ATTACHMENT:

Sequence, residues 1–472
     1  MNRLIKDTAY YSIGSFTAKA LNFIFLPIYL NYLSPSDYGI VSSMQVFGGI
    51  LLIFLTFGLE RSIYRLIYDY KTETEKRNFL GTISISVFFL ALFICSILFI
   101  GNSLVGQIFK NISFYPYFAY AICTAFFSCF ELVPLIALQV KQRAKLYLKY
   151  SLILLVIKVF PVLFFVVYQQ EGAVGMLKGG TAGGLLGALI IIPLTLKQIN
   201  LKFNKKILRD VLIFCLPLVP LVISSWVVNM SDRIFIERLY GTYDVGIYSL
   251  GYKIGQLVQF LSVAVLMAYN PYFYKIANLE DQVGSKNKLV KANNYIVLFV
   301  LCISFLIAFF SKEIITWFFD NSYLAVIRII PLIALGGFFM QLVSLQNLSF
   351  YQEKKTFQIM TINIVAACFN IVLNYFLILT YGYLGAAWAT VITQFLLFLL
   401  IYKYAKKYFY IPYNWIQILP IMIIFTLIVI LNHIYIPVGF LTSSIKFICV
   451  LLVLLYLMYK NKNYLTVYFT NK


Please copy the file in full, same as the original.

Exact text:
Sequence, residues 1–472
     1  MNRLIKDTAY YSIGSFTAKA LNFIFLPIYL NYLSPSDYGI VSSMQVFGGI
    51  LLIFLTFGLE RSIYRLIYDY KTETEKRNFL GTISISVFFL ALFICSILFI
   101  GNSLVGQIFK NISFYPYFAY AICTAFFSCF ELVPLIALQV KQRAKLYLKY
   151  SLILLVIKVF PVLFFVVYQQ EGAVGMLKGG TAGGLLGALI IIPLTLKQIN
   201  LKFNKKILRD VLIFCLPLVP LVISSWVVNM SDRIFIERLY GTYDVGIYSL
   251  GYKIGQLVQF LSVAVLMAYN PYFYKIANLE DQVGSKNKLV KANNYIVLFV
   301  LCISFLIAFF SKEIITWFFD NSYLAVIRII PLIALGGFFM QLVSLQNLSF
   351  YQEKKTFQIM TINIVAACFN IVLNYFLILT YGYLGAAWAT VITQFLLFLL
   401  IYKYAKKYFY IPYNWIQILP IMIIFTLIVI LNHIYIPVGF LTSSIKFICV
   451  LLVLLYLMYK NKNYLTVYFT NK